Fifty years ago countries believed that they should look after their own interests first and the idea of interfering in the internal civil business of other countries, (except for colonies etc,) would have seemed rather odd. The idea that a Prime Minister would go to another country on a state visit and lecture them on their 'civil rights' still seems rude. Tying export contracts to the purchaser's civil rights or internal affairs may be popular with some sections of society but to others it just seems bonkers.

Personally I think is should be the duty of every politician to see that the country is self supporting in everything that is vital to the survival and prosperity of its people. Most people missed the point when Trump said that he was imposing steel tariffs for "the security of the country" and that included Canadian steel. (And Trudeau deliberately and disingenuously missed it.) While it was, perhaps a bargaining ploy, he was also saying that the USA should be capable of producing all the steel it might need in a war. If the USA engaged in a war that was unpopular in Canada could he trust Trudeau not to cut off supply on the basis of "human rights" or "humanitarian" ideals?

Locally the income from 2,000 medical students lost is getting some cover and the loss in the hospitals is getting a bit of public traction, but then we'd do better if we trained our own who would stay here long term. So far there is no word on the extent of SA holdings that might be sold off beyond a few luxury hotels etc. Sounds more like cutting off one's nose . . . . . . . . . .
Well argued Chris. Good points made.
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Old 12th Aug 2018, 08:30
  #38 (permalink)  
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Old 12th Aug 2018, 17:34
  #39 (permalink)  
 
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Good to see the union is more concerned with 'human rights' in Saudi than the jobs of their members. Very Progressive of them.
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Old 12th Aug 2018, 18:14
  #40 (permalink)  
 
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Originally Posted by ChrisVJ View Post
New broom in SA wants to make a point. They will not be pushed around or even insulted and they did not want to pick on USA, too risky if Trump bites back and Trump does not seem to be beholden to the usual conventions of diplomacy. Canada is small enough the sanctions won't hurt SA too much and while they won't bankrupt Canada they are public and costly enough to get public attention and therefore politicians' attention.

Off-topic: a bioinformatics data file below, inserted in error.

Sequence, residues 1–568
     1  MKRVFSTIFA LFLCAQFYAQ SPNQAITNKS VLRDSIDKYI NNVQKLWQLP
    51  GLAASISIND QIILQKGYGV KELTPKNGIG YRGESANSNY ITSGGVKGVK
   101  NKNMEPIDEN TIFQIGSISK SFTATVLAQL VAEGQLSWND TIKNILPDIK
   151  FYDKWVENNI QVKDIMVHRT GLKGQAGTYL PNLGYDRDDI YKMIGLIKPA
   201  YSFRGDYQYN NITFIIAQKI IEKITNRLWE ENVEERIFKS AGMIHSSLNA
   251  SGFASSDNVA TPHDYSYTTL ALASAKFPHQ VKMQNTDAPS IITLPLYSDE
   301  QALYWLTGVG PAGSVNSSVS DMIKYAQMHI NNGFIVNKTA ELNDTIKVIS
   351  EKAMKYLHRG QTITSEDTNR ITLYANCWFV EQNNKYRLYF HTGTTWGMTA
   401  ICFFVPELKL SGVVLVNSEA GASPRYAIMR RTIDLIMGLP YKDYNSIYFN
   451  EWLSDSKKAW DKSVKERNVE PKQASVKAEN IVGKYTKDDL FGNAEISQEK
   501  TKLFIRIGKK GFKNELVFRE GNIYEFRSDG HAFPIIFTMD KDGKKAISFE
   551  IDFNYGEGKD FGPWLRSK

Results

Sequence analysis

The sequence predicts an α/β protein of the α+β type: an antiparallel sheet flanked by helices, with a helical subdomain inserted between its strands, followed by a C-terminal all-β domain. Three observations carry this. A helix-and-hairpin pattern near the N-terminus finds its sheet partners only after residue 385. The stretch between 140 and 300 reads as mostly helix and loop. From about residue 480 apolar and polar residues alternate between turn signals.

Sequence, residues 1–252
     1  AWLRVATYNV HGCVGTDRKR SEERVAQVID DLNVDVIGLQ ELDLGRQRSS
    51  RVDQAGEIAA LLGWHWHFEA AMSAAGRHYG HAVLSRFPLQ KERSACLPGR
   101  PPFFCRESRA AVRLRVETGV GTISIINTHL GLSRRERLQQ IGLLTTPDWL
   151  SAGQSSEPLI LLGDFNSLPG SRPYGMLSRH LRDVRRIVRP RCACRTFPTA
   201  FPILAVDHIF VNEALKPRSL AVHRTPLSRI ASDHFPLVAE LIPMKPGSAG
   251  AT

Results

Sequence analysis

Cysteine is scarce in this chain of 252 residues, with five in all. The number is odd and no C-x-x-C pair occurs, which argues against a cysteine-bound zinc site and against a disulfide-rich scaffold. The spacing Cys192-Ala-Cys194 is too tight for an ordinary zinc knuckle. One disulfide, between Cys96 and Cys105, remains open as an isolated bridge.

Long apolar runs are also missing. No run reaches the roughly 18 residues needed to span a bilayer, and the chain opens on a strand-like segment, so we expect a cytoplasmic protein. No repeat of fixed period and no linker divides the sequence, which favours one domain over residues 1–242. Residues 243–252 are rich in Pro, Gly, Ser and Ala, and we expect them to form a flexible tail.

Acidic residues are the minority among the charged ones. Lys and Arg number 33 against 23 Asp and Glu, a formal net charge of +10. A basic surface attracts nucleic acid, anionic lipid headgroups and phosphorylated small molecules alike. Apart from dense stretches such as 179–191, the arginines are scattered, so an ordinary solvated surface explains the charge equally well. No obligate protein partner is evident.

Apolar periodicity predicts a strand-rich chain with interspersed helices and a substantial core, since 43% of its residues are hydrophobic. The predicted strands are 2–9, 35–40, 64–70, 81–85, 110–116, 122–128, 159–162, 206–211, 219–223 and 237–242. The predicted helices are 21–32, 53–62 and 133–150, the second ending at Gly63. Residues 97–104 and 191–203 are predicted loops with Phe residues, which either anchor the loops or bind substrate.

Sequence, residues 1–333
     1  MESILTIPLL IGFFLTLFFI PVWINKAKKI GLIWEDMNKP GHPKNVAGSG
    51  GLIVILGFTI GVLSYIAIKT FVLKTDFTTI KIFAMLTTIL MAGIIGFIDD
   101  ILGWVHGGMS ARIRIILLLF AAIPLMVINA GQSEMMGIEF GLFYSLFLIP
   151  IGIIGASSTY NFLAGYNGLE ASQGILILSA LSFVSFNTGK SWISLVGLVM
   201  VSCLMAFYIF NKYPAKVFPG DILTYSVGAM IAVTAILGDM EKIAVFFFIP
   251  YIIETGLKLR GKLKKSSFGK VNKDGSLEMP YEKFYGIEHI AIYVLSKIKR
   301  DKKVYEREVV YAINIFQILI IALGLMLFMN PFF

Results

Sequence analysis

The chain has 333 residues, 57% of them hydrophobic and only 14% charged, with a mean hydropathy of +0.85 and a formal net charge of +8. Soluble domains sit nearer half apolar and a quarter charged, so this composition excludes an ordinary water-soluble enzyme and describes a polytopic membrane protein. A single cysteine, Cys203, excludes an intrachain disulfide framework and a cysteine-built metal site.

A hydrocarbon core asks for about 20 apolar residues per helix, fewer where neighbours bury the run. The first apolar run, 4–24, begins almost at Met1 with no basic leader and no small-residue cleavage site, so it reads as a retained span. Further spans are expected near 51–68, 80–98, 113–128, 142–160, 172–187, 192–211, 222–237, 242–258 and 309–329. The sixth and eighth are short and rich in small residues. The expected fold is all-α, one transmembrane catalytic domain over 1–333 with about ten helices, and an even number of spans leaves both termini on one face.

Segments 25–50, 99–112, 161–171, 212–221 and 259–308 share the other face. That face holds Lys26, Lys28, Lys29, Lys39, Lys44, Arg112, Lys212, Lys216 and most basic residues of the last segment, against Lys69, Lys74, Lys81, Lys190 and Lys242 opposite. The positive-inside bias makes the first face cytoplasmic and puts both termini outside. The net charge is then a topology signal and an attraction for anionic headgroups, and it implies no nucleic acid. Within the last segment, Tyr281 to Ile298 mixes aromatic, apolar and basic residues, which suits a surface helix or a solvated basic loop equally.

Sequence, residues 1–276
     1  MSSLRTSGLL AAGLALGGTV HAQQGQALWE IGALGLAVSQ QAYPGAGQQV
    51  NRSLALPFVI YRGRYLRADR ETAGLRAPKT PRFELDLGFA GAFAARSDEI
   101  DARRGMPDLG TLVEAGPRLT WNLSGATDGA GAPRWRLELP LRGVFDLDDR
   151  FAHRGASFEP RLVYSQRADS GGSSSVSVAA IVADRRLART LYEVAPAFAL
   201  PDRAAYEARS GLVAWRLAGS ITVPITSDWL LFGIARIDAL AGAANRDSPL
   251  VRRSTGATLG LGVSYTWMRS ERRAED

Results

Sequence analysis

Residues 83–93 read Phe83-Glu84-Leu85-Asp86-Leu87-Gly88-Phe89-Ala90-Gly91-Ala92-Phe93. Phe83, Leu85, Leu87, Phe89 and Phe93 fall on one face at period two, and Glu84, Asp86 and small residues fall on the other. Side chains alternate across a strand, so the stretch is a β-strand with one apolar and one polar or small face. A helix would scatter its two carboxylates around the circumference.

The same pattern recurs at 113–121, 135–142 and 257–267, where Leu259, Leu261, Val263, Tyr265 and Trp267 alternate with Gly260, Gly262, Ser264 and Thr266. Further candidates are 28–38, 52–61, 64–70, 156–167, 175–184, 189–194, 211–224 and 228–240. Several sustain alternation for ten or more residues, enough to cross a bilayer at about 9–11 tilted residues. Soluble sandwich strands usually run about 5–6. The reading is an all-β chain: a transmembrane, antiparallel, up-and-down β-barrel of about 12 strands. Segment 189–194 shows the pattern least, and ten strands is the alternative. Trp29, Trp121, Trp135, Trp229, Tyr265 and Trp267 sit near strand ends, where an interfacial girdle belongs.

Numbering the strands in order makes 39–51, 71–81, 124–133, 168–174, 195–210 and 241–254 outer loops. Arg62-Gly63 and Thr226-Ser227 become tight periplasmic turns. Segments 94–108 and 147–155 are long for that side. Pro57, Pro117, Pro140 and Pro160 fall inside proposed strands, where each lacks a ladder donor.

Nicely calculated that France, Germany, Britain and even USA will not stand up for Canada over this.

Fifty years ago countries believed that they should look after their own interests first and the idea of interfering in the internal civil business of other countries, (except for colonies etc,) would have seemed rather odd. The idea that a Prime Minister would go to another country on a state visit and lecture them on their 'civil rights' still seems rude. Tying export contracts to the purchaser's civil rights or internal affairs may be popular with some sections of society but to others it just seems bonkers.

Personally I think is should be the duty of every politician to see that the country is self supporting in everything that is vital to the survival and prosperity of its people. Most people missed the point when Trump said that he was imposing steel tariffs for "the security of the country" and that included Canadian steel. (And Trudeau deliberately and disingenuously missed it.) While it was, perhaps a bargaining ploy, he was also saying that the USA should be capable of producing all the steel it might need in a war. If the USA engaged in a war that was unpopular in Canada could he trust Trudeau not to cut off supply on the basis of "human rights" or "humanitarian" ideals?

Locally the income from 2,000 medical students lost is getting some cover and the loss in the hospitals is getting a bit of public traction, but then we'd do better if we trained our own who would stay here long term. So far there is no word on the extent of SA holdings that might be sold off beyond a few luxury hotels etc. Sounds more like cutting off one's nose . . . . . . . . . .
Perhaps the lack of support is at least partially powered by JT pissing off allies.